Modified McConnell and KT technique
Using a modified McConnell taping technique along with a portion of the KT tape version of the technique seemed to help. (My apologies to both the inventors of the McConnell and KT folks for modifying/combining the techniques).

Here are the results:
Within the first 24 hours lower leg pain was reduced by 75% (note that I never had knee pain). Adding compression on a rotation basis for several hours during the day slowed the lower leg cramps and improved sleep as well. After one week the muscle cramping is nearly nonexistent. Lower leg pain remains intermittent but I feel as if I could run...soon.

Lesson learned:
Injured? Stop running, stupid. I've been dealing with this for nearly six-months. I should have backed off completely and did some research in July rather than the standard rest/ice/NSAID.

Sunday

I've been a bad blogger...but good otherwise.

More than a month has flown by since the last LRW post. I'm feeling disheartened. My sights were set to make LRW as popular as one of my prior blogs (Mitigation Journal) and use it as a tool to interact with a larger community. I also planned to integrate one of my recurring main personal goals into this project. That is to write every day. To write every day either on this site or other writing works already in progress. There has been so much to discuss and share but seemingly little time to write about it.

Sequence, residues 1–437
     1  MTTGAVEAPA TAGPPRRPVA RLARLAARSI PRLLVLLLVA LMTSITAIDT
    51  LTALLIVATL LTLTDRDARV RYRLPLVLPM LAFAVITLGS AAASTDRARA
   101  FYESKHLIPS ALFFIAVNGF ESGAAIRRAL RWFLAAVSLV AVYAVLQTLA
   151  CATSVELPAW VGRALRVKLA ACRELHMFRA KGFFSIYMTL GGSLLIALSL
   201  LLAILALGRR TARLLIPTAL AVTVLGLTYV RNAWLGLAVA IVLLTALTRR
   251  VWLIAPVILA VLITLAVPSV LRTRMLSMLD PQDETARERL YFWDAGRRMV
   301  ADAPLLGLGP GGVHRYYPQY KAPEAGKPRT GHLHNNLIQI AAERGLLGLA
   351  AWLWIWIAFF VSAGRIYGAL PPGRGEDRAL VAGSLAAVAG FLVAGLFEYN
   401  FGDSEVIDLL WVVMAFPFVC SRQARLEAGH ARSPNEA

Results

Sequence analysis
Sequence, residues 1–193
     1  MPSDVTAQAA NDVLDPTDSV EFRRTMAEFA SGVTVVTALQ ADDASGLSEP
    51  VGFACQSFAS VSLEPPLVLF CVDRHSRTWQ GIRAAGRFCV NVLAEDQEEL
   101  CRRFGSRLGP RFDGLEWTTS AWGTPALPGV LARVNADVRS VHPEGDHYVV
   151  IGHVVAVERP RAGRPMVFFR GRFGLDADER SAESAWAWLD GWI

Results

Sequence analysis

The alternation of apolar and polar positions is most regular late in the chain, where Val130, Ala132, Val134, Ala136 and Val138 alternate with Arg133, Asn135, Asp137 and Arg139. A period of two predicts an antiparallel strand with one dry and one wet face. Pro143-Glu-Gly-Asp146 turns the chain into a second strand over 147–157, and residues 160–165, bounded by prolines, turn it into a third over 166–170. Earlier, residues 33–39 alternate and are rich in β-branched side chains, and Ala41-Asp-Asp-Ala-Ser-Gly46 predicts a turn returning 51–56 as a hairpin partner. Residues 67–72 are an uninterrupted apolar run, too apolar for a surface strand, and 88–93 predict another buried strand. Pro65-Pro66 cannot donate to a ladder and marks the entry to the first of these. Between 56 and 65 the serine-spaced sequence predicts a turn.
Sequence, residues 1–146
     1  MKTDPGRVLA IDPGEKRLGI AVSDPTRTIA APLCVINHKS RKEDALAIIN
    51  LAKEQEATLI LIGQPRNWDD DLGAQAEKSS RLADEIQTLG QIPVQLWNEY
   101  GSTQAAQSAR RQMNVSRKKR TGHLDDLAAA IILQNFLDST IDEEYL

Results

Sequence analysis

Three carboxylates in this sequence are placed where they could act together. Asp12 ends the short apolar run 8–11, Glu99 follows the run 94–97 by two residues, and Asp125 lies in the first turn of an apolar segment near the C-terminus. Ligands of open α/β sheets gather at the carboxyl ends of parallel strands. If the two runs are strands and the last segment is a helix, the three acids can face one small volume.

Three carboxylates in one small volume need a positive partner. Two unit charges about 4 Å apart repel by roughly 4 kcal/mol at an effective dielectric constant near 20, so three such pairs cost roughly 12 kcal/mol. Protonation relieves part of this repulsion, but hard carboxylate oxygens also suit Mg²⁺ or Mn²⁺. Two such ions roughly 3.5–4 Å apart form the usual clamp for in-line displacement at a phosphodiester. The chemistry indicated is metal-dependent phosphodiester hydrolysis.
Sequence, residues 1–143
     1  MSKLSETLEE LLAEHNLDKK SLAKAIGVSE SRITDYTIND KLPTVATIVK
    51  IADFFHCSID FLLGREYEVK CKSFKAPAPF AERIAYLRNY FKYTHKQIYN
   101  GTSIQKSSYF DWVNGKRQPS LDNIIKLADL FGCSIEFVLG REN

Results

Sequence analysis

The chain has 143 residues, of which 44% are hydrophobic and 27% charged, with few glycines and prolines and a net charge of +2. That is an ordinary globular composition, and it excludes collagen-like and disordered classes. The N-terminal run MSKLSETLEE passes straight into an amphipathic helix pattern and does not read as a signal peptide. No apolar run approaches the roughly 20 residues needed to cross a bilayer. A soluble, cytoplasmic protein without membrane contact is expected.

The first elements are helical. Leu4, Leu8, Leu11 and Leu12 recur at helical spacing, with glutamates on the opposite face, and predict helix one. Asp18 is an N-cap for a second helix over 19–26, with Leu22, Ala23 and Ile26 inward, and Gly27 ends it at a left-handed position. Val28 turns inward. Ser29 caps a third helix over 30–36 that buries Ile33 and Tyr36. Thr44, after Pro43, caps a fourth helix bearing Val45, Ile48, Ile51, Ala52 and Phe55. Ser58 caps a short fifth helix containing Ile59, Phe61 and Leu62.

That happens when you live an active life.

Lets think of this column as a reboot.

You see, this is not about writing alone. As the name, Living. Running. Writing. is about all of the things that make us go. Writing just happens to be the expressive media that I enjoy and share with others. I enjoy writing just as much as running but nearly as much as I enjoy time with my family.

And theres the conflict.

While I have been a bad blogger, I've been a good husband and father and a good coach.

I've had the opportunity to see my kids do some really good things athletically and artistically. I've been there to coach my track team and glow in the strides they've made. I've been able to focus on training some fantastic adults, too. I just haven't had the opportunity to sit down and write about it.

I'm going to make more of an effort to do that.

I've come to realize that this column has a readership; a following that wants to hear what I have to say. I appreciate that.

More to follow...soon.